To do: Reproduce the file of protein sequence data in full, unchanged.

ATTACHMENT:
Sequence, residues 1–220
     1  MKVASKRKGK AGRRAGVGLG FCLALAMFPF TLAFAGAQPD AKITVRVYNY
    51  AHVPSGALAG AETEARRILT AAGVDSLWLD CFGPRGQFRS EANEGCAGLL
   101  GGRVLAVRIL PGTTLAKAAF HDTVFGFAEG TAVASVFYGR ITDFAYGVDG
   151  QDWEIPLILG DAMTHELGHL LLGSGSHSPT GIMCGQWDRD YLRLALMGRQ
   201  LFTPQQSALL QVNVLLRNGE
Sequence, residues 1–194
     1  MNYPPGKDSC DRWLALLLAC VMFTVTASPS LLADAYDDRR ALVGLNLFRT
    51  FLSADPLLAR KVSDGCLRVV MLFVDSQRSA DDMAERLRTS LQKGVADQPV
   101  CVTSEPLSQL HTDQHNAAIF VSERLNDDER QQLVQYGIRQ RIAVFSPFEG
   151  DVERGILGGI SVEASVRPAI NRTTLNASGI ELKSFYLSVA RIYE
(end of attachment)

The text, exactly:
Sequence, residues 1–220
     1  MKVASKRKGK AGRRAGVGLG FCLALAMFPF TLAFAGAQPD AKITVRVYNY
    51  AHVPSGALAG AETEARRILT AAGVDSLWLD CFGPRGQFRS EANEGCAGLL
   101  GGRVLAVRIL PGTTLAKAAF HDTVFGFAEG TAVASVFYGR ITDFAYGVDG
   151  QDWEIPLILG DAMTHELGHL LLGSGSHSPT GIMCGQWDRD YLRLALMGRQ
   201  LFTPQQSALL QVNVLLRNGE
Sequence, residues 1–194
     1  MNYPPGKDSC DRWLALLLAC VMFTVTASPS LLADAYDDRR ALVGLNLFRT
    51  FLSADPLLAR KVSDGCLRVV MLFVDSQRSA DDMAERLRTS LQKGVADQPV
   101  CVTSEPLSQL HTDQHNAAIF VSERLNDDER QQLVQYGIRQ RIAVFSPFEG
   151  DVERGILGGI SVEASVRPAI NRTTLNASGI ELKSFYLSVA RIYE